Importance of Self-Care: Suicide and Isolation

This post is written with the intent to express the importance of engaging in Self-Care behaviors during this time of crisis we are living in. When people are isolated within their homes they are physically cutoff from friends and loved ones (obviously), but more importantly they are cutoff from physical contact, which is one of the four basic human needs. This lack of physical contact significantly increases the probability of people engaging in maladaptive (problem) behaviors, including suicidal thoughts and attempts. In addition to discussing this concern, I will discuss options for coping with this stress.

The Problem – Needs/Functions Not Met

People are usually said to have 4 basic needs – food/water, sleep, human contact, and shelter. When people are unable to access one of the four needs, they go through a variety of emotions, including, but not limited to, anxiety, depression, and loneliness. The feelings people have that correlate to lacking one of these needs makes obtaining them more or less important, which affects the rest of your thoughts and emotions.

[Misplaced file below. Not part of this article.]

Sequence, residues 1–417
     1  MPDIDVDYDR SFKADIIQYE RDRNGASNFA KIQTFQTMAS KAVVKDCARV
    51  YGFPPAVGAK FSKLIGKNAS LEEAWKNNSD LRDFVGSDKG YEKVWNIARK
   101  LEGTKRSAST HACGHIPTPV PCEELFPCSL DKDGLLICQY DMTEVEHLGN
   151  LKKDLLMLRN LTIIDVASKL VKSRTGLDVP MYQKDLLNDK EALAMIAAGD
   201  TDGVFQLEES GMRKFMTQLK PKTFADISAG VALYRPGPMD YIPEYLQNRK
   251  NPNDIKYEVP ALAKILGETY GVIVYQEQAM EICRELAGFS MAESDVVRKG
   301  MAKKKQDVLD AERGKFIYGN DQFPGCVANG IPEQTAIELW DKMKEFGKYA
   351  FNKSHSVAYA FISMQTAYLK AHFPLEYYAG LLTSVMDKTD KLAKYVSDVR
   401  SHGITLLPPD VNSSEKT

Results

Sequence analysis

Behaviorally, we state that people have 4 functions (reasons) for behavior – Attention, Escape/Avoidance, Access to tangibles (items/activities), and Automatic (sensory stimulation, pain attenuation). Automatic simply means, “it just feels good”. As a result of 1 of these 4 functions, people will engage in a specific behavioral response. Each behavior becomes more and less rewarding (reinforcing) based on the environmental setting. This fluidity in significance of behavioral consequences is termed within ABA as Establishing Operations (EO’s). EO’s are broken into Motivating Operations (MO’s) and Abolishing Operations (AO’s). MO’s make a behavior/response more rewarding, and AO’s make a behavior/response less rewarding. Additionally, within ABA, thoughts and emotions are considered private behaviors, which follow the rules and functions of behavior; they are just behaviors that only the person experiencing them can describe.

Maslow’s Hierarchy of Human Needs

Abraham Maslow described humans’ needs with the terms “physiological”, “safety”, “belonging and love”, “social needs”/”esteem”, and “self-actualization”. They are often visually represented like a pyramid, as shown, with the most important needs being the base, and lesser important needs stacking on top. Their importance is defined as outranking each other. For example, people will care less about friendships if they have no food or water to survive. This correlates to MO’s, as behaviors will become more or less rewarding dependent on the environment. For example, water is more reinforcing when you have been exercising, versus when you are watching TV. Another example, food is less reinforcing when you have been snacking all day, versus if you haven’t eaten all day.